The RAF shifted from daylight raids to nighttime after the horrendous losses in the early days of the war, including the destruction of 16 out of 23 wellingtons in one raid!
     
  12. adrian roberts

    adrian roberts Senior Member

    The RAF had expertise (by the standards of the time) in night-bombing, going back to WW1. All through the interwar years, they had dedicated night-bomber squadrons. However, they knew that for accuracy in hitting specific targets day-bombing would be needed: at night they knew they were never going to be able to hit anything smaller than a city. There were always reservations about this; neither side wanted to be first to deliberately bomb a city which is why when the Luftwaffe switched to bombing London rather than Fighter Command bases in the BoB, the Germans alleged that the RAF had bombed Berlin deliberately (a different debate!).
    As Gnomey and Morse say above, the RAFs daytime losses were terribly high, so the threshold of importance of a target which determined whether to bomb in day rather than night became progressively higher (83 squadron [Blenheims] was completely wiped out on one raid). But they never gave up daylight raids altogether, even using heavy bombers, e.g. the Augsburg raid by the then-new Lancs in April 42.

    I have never heard that the USAAC gave much attention to night-bombing before WW2. Their main reason for having bombers was in case anyone threatened the Panama Canal; they became quite paranoid when Colombia acquired a single Curtis BT32 Condor. The B17 was originally produced to counter a potential enemy fleet that might threaten the coast line. And as far as US Naval policy for the Atlantic was concerned, the assumption until at least the mid-thirties was that Britain would be the aggressor! (So much for the Special Relationship!)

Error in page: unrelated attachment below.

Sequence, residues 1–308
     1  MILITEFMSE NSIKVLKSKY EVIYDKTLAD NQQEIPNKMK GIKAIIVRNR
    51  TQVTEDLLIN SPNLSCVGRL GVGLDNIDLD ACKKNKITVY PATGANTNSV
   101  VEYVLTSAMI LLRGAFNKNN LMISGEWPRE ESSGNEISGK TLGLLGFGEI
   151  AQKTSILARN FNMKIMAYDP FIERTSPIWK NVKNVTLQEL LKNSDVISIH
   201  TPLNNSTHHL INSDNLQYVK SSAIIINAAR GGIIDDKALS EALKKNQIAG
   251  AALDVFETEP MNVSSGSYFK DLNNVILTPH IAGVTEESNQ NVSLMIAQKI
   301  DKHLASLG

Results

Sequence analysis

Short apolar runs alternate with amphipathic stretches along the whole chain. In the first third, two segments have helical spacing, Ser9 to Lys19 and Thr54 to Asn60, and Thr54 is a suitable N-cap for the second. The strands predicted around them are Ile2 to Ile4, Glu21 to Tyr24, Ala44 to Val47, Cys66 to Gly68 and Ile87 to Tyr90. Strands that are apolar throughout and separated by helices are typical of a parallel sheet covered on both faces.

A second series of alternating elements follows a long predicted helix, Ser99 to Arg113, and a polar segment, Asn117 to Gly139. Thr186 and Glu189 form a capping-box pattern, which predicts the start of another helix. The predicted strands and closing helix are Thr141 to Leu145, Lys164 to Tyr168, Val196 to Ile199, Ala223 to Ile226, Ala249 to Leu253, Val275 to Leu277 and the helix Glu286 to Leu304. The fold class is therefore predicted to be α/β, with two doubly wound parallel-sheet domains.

Adrian
     
  13. Pte1643

    Pte1643 Member

    at night they knew they were never going to be able to hit anything smaller than a city.

    And in some cases couldn't even do that.
     
  14. spidge

    spidge RAAF RESEARCHER

    There were always reservations about this; neither side wanted to be first to deliberately bomb a city which is why when the Luftwaffe switched to bombing London rather than Fighter Command bases in the BoB, the Germans alleged that the RAF had bombed Berlin deliberately (a different debate!).

    Adrian

    Didn't they?
     
  15. morse1001

    morse1001 Very Senior Member

    Didn't they?

    it was known that Churchill ordered the bombing of berlin. On one occassion it was timed to coincide with the visit of the Soviet Ammbassodors visit and designed to cause chaos and confusion at the event!
     
  16. Kitty

    Kitty Very Senior Member

    The Commonwealth forces nearly always night bombed. It was safer and gave you a higher than usual chance of getting home again. And can you imagine the panic on the ground when a stream of bombers arrived at gone midnight? The psychological effect must have been almost as important as the reliability of getting your birds back again.